Robert McCrum responds to André Schiffrin's Words and Money in the Observer, warning that the threat posed by new digital economies to the publishing trade has been underestimated.
André Schiffrin, a distinguished former New York publisher, has been throughout this decade an indispensable, if rather pessimistic, guide to life after a cultural apocalypse, first in the much-admired The Business of Books (2000) and now in Words and Money (Verso).
McCrum suggests that ultimately, Schiffrin's "passionate and useful" analysis of the crisis in publishing and media must take a step further into the "dark threat of digitisation" and assess the threat of "Google's free for all" to our literary tradition:
Books, like newspapers, are an essentially middle-class phenomenon whose market is the self-improving professional. As a bourgeois medium, books and their authors depend on the cash nexus. Johnson went straight to the point with: "No man but a blockhead ever wrote, except for money."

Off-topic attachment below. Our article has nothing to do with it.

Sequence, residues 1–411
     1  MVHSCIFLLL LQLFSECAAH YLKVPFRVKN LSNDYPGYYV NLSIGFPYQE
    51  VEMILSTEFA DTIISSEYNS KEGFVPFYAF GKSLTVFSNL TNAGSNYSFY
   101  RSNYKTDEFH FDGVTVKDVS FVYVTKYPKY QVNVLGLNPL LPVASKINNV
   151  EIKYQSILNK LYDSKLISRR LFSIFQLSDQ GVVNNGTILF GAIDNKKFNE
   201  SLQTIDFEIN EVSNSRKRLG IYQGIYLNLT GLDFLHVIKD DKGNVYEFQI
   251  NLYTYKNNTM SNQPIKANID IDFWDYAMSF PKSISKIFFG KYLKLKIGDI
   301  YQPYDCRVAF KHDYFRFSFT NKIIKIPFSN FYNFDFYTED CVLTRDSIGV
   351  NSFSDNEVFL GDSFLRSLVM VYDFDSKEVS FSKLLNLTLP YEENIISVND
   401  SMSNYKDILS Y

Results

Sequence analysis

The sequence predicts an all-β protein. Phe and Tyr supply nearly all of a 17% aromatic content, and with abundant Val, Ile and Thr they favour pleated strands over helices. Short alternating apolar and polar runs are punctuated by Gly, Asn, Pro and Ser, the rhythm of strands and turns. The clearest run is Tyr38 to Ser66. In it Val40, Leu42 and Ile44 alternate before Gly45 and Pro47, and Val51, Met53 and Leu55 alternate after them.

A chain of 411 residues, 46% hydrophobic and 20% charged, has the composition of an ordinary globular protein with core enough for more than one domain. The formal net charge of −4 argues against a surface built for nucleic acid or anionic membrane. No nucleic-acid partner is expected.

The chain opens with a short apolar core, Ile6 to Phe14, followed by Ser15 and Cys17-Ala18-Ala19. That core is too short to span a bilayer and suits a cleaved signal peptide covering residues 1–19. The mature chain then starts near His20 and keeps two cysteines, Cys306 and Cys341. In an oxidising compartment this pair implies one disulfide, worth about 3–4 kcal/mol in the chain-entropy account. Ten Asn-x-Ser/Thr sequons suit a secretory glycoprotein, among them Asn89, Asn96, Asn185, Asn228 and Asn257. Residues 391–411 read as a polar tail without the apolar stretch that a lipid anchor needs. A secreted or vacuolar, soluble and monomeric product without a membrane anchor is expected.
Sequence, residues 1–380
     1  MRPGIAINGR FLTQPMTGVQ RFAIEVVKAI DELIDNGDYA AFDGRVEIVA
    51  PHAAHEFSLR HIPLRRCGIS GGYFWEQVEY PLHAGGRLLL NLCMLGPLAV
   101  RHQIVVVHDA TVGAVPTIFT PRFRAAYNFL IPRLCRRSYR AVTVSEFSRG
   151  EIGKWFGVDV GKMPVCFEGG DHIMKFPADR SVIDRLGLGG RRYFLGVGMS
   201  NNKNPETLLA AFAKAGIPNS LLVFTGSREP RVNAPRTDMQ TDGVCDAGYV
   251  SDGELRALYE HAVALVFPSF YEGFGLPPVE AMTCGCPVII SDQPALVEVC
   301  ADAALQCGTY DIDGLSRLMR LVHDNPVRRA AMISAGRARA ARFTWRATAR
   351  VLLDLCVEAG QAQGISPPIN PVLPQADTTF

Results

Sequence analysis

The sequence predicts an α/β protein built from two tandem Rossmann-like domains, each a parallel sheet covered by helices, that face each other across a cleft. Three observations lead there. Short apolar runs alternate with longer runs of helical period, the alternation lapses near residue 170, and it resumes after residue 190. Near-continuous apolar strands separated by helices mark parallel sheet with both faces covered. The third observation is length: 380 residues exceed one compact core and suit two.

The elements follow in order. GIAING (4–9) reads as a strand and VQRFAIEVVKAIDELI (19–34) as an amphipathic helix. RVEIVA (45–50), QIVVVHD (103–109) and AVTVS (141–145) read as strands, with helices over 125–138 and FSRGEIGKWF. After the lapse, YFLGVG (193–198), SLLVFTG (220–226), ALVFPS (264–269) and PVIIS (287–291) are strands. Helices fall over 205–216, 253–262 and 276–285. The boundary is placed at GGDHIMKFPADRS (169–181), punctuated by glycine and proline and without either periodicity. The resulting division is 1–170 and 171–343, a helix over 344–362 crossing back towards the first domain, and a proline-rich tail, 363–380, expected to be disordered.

Johnson was right. Words that get written for money are likely to be superior to words spun out for nothing, on a whim. California's "free" movement wants to argue that literary copyright is an intolerable restriction of the public's right to access information, and that words should be free. That's a profound threat to the western intellectual tradition. I hope that André Schiffrin, having raised the alarm about the demise of serious publishing and journalism, will urgently turn his attention to the new, possibly darker, threat of digitisation and its consequences.
The debate is set to continue at Schiffrin's talks in London this October.
Visit the Observer to read the article in full.